Examination of Idaho elections has become something resembling an expedition of researchers digging up fragmentary and very subtle clues about an ancient civilization. The clues being sought after following an Idaho election concern this question: Is Idaho's "conservative" politics changing, or not?
Not in a decade and a half have the answers changed dramatically. Occasionally you spot something here or there to indicate alteration at the edges, but nothing to suggest a sea change.
Idaho Statesman columnist Dan Popkey latched onto a useful metric for his piece today on the election: The primary battle between Senator Shirley McKague and her challenger, Representative Mark Snodgrass, in fast-growing Meridian. It's a clear and undiluted metric between two Republicans but of clearly different sorts. McKague is described (fairly) as "a self-professed 'firebrand conservative' and 'lapsed' member of the extremist John Birch Society. A reliable vote against change . . ." Snodgrass is "pro-life and pro-business," but also considered a relative moderate in the Idaho House (he'd probably be considered in the middle or slightly to the right of the Republican caucuses in Washington or Oregon); he has also worked on regional infrastructure and other needs, the sort of changes McKague routinely opposes. Both candidates were backed by solid organizations.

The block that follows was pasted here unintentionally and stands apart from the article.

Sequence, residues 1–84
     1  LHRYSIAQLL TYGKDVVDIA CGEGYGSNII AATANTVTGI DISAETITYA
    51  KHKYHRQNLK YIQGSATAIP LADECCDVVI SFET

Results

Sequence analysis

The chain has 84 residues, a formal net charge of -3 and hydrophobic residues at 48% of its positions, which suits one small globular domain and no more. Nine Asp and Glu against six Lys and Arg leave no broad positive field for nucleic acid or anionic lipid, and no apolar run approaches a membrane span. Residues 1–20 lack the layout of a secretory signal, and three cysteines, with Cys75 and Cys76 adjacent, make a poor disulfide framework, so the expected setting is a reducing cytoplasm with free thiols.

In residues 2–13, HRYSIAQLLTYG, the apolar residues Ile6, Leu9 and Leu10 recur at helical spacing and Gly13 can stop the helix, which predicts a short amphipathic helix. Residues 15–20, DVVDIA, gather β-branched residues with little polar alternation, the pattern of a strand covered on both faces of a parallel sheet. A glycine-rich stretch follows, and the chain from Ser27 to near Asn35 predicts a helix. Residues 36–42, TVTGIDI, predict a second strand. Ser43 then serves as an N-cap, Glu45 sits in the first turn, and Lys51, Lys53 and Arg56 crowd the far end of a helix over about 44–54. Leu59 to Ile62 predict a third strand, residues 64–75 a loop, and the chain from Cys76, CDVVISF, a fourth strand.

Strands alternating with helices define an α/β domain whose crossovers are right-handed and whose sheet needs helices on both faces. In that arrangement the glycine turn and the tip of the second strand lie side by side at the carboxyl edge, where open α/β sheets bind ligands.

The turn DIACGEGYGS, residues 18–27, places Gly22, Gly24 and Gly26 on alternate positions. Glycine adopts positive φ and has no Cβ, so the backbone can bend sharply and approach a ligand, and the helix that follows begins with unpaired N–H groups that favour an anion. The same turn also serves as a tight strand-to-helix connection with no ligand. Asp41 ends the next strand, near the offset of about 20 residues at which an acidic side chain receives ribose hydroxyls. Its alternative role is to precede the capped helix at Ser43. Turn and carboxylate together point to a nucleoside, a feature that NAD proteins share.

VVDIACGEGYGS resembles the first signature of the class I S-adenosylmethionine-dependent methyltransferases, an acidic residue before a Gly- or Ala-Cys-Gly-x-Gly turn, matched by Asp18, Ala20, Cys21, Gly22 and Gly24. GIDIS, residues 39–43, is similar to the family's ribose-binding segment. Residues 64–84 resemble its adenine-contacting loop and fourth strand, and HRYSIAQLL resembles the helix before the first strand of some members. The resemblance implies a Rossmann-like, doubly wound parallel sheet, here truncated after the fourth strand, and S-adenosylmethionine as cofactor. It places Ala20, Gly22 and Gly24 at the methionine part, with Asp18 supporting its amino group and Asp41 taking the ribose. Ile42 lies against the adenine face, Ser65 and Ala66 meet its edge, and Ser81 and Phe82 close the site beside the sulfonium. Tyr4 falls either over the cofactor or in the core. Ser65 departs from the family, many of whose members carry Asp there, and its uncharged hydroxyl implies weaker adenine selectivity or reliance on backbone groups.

A clear contest, all right. McKague prevailed, 53%-47%. Not a big margin. But she won. The close margin suggests some softening in the appeal of the hard-line message; the final result indicates it still has enough appeal to win. (more…)